New refugee camps go up inside Syria as Turkey stems flow
Turkish aid workers have been setting up tents and distributing supplies for thousands of new Syrian refugees kept from entering Turkey at the border.
Some 35,000 people fled a Syrian government offensive in the Aleppo area last week, trying to enter Turkey's Kilis border region.
But Turkey has so far closed the border to most of them despite appeals by EU leaders to let them cross.
The country already shelters more than 2.5 million refugees from Syria's war.
Many Syrians have gone on to seek asylum in the EU and made up the largest group among more than one million refugees and other migrants who entered illegally last year, mainly by sea from Turkey.
In the past few days, the Syrian army - backed by Russian air strikes - has made a series of gains around Aleppo, Syria's largest city.
Aid officials at the Oncupinar border crossing told Reuters news agency their efforts for now were focused on getting aid to the camps on the Syrian side of the border.
"We're extending our efforts inside Syria to supply shelter, food and medical assistance to people," an unnamed official from the Turkish Humanitarian Relief Foundation said.
"We are already setting up another camp. At the moment all our preparations are to make sure these people are comfortable on the Syrian side of the border."
The agency found a mix of old and newly erected tents at a camp at Bab al-Salama, inside Syria and across from Oncupinar.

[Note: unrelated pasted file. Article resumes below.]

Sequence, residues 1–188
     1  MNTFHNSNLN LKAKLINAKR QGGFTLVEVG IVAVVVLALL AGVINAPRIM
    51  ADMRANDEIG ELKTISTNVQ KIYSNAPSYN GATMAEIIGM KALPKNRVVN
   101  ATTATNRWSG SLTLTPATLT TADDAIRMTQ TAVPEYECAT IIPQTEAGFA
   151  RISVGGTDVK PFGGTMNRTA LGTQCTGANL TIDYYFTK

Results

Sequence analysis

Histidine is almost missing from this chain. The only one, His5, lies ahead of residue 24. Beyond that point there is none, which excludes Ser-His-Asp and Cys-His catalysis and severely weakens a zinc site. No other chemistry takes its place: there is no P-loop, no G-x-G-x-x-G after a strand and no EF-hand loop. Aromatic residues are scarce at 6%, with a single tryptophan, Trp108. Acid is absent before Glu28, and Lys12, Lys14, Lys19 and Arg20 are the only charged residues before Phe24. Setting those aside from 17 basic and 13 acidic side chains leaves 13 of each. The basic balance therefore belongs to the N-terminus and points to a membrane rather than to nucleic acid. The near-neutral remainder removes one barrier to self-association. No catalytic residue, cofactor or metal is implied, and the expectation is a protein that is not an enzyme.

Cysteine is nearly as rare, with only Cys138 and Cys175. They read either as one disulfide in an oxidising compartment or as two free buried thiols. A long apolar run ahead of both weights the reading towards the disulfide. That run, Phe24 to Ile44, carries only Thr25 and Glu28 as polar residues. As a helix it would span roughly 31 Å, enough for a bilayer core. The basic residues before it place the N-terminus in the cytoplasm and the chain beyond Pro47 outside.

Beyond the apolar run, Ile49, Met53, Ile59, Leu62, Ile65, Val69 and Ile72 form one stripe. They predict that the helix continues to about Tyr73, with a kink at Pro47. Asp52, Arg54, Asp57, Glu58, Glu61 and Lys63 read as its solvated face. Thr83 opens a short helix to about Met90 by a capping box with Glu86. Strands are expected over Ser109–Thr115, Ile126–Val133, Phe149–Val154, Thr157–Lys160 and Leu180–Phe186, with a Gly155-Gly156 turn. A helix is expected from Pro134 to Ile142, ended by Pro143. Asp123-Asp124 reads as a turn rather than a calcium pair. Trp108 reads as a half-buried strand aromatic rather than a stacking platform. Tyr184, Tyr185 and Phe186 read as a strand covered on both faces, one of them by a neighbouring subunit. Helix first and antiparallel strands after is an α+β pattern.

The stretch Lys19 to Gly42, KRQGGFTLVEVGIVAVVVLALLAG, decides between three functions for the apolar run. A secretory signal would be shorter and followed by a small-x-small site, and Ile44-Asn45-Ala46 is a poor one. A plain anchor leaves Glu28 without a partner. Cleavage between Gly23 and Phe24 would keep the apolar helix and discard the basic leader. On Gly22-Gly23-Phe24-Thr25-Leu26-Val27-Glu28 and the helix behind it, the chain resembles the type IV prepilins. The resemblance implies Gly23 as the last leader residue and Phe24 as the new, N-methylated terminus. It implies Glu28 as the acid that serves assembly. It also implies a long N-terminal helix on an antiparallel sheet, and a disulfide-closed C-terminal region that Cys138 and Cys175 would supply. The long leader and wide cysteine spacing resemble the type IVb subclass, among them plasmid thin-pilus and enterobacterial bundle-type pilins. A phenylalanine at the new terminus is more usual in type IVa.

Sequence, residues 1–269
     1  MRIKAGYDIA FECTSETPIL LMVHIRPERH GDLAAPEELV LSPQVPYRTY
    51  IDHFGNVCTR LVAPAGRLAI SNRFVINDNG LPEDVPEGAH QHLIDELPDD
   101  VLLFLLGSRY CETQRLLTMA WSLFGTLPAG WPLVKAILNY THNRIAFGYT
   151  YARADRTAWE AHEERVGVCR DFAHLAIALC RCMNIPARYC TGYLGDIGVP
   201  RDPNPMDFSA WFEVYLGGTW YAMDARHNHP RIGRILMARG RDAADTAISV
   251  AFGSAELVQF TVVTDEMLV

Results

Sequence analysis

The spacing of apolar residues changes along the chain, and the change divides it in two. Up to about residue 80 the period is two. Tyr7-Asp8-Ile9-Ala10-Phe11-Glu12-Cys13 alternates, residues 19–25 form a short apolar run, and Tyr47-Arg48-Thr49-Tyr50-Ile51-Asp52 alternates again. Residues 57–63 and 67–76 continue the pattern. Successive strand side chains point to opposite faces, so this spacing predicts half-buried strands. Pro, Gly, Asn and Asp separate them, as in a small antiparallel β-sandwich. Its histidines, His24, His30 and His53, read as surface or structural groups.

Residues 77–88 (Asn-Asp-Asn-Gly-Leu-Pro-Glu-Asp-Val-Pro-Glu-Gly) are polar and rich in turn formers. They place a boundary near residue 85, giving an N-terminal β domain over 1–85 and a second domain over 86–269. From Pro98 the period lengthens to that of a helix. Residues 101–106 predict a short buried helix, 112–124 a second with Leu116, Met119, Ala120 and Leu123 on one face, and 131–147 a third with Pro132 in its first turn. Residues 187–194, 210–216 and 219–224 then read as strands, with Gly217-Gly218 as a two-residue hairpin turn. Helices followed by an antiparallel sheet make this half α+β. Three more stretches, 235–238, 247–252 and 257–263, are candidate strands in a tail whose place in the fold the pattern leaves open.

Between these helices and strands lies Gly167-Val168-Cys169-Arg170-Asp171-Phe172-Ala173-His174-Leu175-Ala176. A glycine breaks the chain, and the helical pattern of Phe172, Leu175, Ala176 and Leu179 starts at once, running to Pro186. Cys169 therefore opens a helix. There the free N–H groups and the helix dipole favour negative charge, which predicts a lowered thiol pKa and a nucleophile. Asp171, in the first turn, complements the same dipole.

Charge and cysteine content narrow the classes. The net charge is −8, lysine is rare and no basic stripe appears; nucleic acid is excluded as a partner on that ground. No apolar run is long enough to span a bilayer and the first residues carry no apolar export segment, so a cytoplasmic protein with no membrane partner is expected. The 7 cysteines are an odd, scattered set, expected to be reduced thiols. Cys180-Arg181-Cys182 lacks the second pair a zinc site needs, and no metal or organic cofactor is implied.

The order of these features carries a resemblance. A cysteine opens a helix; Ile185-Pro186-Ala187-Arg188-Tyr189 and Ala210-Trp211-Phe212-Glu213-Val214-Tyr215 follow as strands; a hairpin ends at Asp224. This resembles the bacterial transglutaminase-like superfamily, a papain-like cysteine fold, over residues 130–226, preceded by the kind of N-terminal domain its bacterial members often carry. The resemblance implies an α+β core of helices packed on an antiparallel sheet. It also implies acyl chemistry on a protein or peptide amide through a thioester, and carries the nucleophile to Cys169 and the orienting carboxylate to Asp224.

One refugee, Mouhammed Idris, told Reuters: "We came to the camps with children, including [those] only a month old. We are turning to Turkey where there is safety and no bombing.
"In the beginning [Turkish President] Recep Tayyip Erdogan told the Syrians that he was their brother. He shouldn't desert them, he should open the doors, he should go back to helping them. Now all these people have nowhere to go. Where are we supposed to go? They can't go back to their homes."
Erdogan said on Saturday that Turkey was ready to open its gates to Syrian refugees "if necessary".
EU foreign policy chief Federica Mogherini said this weekend that Turkey had a moral, if not legal, duty to provide protection.
She said the EU was providing funding to Turkey to make sure it had the "means, the instruments, the resources to protect and to host people that are seeking asylum".
In November, the EU clinched a deal with Turkey, offering it €3bn (£2.3bn; $3.3bn) to care for Syrian refugees on Turkish soil.
About 4.6 million people have fled Syria since the civil war began in 2011. Another 13.5 million are said to be in need of humanitarian assistance inside the country.
On Thursday, 60 donor countries meeting in London pledged billions of dollars to ease the plight of Syrian refugees.
The Syrian war and Aleppo
March 2011: Anti-government protests erupt across Syria, but Aleppo is initially untouched as a result of a state crackdown
February 2012: As the rebellion turns into a conflict, clashes between rebels and the government are reported with increasing frequency in Aleppo province
July 2012: The battle for Aleppo begins. Rebels make swift advances, but are unable to consolidate their gains and the city becomes divided
2013: The government begins bombarding rebel districts with barrel bombs, causing thousands of casualties
September 2015: Syria launches a fresh offensive in the wake of Russia's intervention in the conflict
February 2016: The government captures towns north of Aleppo, threatening to encircle the city